The Transportation Security Administration, a federal agency that has faced controversy over security measures such as mandatory pat-downs, has announced a “trusted traveler” pilot program. The TSA will allow frequent travelers to avoid searches and pat-downs if they pass security screenings in the program beginning this fall.
Frequent flyers could catch break from security agency
The Transportation Security Administration, according to Reuters, may be extending a helping hand this fall to frequent flyers willing to subject themselves to a one-time rigorous background screen. The TSA has been the center of great controversy for some time now over the airport pat-downs and screenings that many people feel are invasive and demeaning. John Pistole, the head of the TSA, recently told the Senate Homeland Security Committee that the TSA would be debuting the program at select airports in conjunction with major domestic air carriers. The intent of the “trusted flier” program is to speed up the process for business and other frequent fliers. Presumably, a person can enroll in the program and undergo an extensive screening process including a background check. Those who pass will then be able to quickly get through airport security checkpoints.
News fails to impress Tea Party impresario
The announcement of a sort of “favored traveler” class, though a possible relief to people who must travel frequently, did not do much to impress one of the Homeland Security Committee’s newer members. Senator Rand Paul (R-KY), son of long-serving Representative Ron Paul (R-TX), pounced on the opportunity to tear into Pistole for what he and many others feel are some serious failings in the TSA’s policies, according to Reason Magazine. Paul gave an example of a 6-year-old girl from Bowling Green, Ky., his hometown, who was subject to a random search and pat-down by TSA screeners. A similar incident sparked outrage in April of this year, according to NPR, when TSA personnel were filmed performing a search of a 6-year-old girl at a New Orleans Airport.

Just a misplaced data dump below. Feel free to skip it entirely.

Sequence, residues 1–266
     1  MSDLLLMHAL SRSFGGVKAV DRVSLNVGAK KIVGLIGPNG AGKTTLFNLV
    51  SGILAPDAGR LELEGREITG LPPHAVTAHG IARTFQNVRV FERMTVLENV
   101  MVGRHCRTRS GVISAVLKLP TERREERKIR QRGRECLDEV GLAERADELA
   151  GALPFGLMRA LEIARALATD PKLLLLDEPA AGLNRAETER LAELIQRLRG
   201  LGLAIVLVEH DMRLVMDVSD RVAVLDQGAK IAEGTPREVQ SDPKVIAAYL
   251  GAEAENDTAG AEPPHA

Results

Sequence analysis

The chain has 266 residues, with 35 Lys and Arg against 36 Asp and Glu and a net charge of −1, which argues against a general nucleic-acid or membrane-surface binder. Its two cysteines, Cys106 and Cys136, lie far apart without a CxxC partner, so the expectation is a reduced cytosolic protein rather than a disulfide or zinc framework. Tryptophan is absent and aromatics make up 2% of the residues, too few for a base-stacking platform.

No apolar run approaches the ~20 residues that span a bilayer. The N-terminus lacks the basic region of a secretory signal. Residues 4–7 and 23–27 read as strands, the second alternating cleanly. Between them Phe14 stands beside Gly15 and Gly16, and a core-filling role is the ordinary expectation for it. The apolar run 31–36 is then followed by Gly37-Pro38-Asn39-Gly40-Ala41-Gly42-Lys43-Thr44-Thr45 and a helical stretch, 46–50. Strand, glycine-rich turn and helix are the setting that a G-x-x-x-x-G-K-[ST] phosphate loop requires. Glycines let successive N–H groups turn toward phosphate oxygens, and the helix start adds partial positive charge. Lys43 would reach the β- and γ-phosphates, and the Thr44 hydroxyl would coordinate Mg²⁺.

Need for new policies conceded
John Pistole announced during that hearing that the TSA would try reducing the number of pat-downs of children. TSA personnel were also found to have patted down an infant at Kansas City International Airport. Since the implementation of pat-downs and screenings, numerous disturbing incidents have come to light. For instance, according to Fox, the TSA conducted an extensive search this month on a severely disabled man from Detroit when personnel thought the adult diapers the man was wearing could be hiding explosives. The TSA was sued by Lindsey Murley of Corpus Christi, Texas, for exposing her breasts during a search in 2008 and paid her $2,350 in damages, according to the Daily Mail. TSA employees at Los Angeles International Airport, according to the Los Angeles Times, have a knack for losing laptops and digital cameras. In a three-year period, 202 laptops and 132 cameras went missing from luggage. Just 13 percent of laptop owners and 1 percent of camera owners were reimbursed for their property. The average laptop’s claimed value was more than $1,400.
Daily Mail: http://www.dailymail.co.uk/news/article-1393311/TSA-pays-just-2k-woman-breasts-exposed-patdown.html
Los Angles Times: http://articles.latimes.com/2011/may/30/business/la-fi-travel-briefcase-20110530
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